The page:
In our recent blog, Agile Organization: What did Zappos do that you didn’t?, we talked about the agile organization, principles that change the focus from imposing controls and standards to empowering collaboration and innovation. But how do you break that down and make it relevant and practical for your HR department? Read more
As early as 2012, Josh Bersin’s keynote at Deloit’s Impact Conference, focused specifically on how Agile, “the ability to create and respond to change in order to succeed in an uncertain and turbulent environment” was essential for businesses to be nimble and responsive, as the landscape changes frequently and in unexpected ways. Read more
It can be tough keeping up with all of the changes coming out of Washington and Sacramento; it seems every hour there’s an announcement on new or modified regulations in the workplace.
On January 1st, 2018, California unveiled a new law prohibiting employers from using an individual’s prior salary as a factor in setting pay rates. This law extends to public and private employers, as well as their agents, and it mandates that employers may not seek any information about an applicant’s current or past “compensation and benefits.”
That’s right. California’s salary history ban makes it illegal for employers to ask candidates how they are currently (or were formerly) compensated at work.
Mark was the CEO of a Stage 3 successful internet startup and was having sleepless nights about his employee relations issues. He knew he was only one employee away from a wage and hour claim, his team had grown from 1 to 100, they were passionate about their business and driven to meet demanding schedules. They didn’t want a corporate feel of policies, procedures, handbooks, but the prospect of financial ruin from noncompliance stalked him daily. He needed a Director of HR, preferably yesterday, but his informal networks yielded very little and the quality that flooded in via monster.com was not up to par.
Each generation in America is defined by a turning point, a reality that is all theirs, or an event that marks them forever.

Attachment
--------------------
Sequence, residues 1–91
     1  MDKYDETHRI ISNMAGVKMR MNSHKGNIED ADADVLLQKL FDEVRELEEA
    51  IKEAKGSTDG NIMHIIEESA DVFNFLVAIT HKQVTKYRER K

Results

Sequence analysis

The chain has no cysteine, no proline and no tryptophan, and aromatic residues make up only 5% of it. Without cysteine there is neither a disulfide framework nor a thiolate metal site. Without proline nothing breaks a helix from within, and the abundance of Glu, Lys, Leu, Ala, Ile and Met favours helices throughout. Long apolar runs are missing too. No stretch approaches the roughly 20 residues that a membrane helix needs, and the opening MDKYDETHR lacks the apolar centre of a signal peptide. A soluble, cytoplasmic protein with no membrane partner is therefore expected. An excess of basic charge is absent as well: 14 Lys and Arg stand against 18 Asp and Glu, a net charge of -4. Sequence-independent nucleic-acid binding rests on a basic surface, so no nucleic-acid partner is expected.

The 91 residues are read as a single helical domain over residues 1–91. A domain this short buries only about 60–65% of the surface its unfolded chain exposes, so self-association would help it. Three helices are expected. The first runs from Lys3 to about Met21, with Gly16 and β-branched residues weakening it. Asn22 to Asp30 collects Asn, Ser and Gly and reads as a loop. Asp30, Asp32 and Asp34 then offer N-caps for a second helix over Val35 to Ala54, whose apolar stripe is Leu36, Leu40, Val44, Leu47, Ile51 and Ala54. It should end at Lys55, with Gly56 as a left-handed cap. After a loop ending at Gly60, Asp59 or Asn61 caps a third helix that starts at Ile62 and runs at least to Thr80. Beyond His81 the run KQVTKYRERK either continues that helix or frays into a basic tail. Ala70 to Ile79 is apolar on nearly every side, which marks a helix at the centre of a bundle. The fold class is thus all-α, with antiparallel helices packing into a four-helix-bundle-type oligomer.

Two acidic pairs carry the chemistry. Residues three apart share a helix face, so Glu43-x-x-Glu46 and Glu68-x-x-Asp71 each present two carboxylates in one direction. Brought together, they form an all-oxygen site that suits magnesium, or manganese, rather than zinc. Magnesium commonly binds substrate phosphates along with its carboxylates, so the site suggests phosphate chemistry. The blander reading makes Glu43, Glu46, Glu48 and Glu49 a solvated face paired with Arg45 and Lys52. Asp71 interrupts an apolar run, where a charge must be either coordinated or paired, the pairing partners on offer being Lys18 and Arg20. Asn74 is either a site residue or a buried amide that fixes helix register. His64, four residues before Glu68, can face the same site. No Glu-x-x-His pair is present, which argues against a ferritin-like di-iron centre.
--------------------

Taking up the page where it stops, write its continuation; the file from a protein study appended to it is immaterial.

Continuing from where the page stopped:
How do employers connect them to the present reality, by using each one’s group understanding and get everyone on the same page? How do companies develop culture and engagement to make everyone feel connected? How do we nurture productivity, cooperative work, and innovation in our generational melting pots?
So often winning the coveted, shiny object seems to slip through our fingers and end up the prize of somebody else. What if, we could just make it ours, without truly earning it?
Employee Appreciation Day is officially today…. but here at Peoplescape we think that everyday should be a day that you are grateful for something. Granted, not every employer-employee relationship elicits unbridled gratitude every single day. But, there are many simple ways that you can show your appreciation for your employees all throughout the year, when the mood strikes! Read more
More than 85% of men in the US are shorter than 6ft tall, yet almost 60% of corporate CEOs are over 6ft tall. (Blink by Malcolm Gladwell).
Unconscious bias is an awkward subject. Acknowledging it says we limit the way we relate to others, our view of the world and how we lead our organizations, our communities, and our families. Let’s be honest, we don’t want to admit our bias. In this watershed year, however, everything has changed. The veil has been lifted and the status quo is not an option. Read more
When you think of companies with a reputation for treating their employees well; Google, Netflix, Salesforce, PwC, L’Oreal and GE immediately come to mind. You think of them despite never having worked for them nor knowing anyone who does. Importantly because they have succeeded in employer branding. Employer branding is the method which companies utilize to define and establish their stature as an employer. Read more
Hot off the press just this month:
- Twice as many male managers now feel uncomfortable working alone with women than before #MeToo. Lean-in survey Jan 2018.
- The #1 workplace charge filed in the USA in 2017 was Retaliation (48.8% of charges), reports the Equal Employment Opportunities Commission. link.
With both sexual harassment reporting and retaliation at such a high, could our companies, be punishing women somehow, for speaking out against workplace harassment, without even realizing it? Read more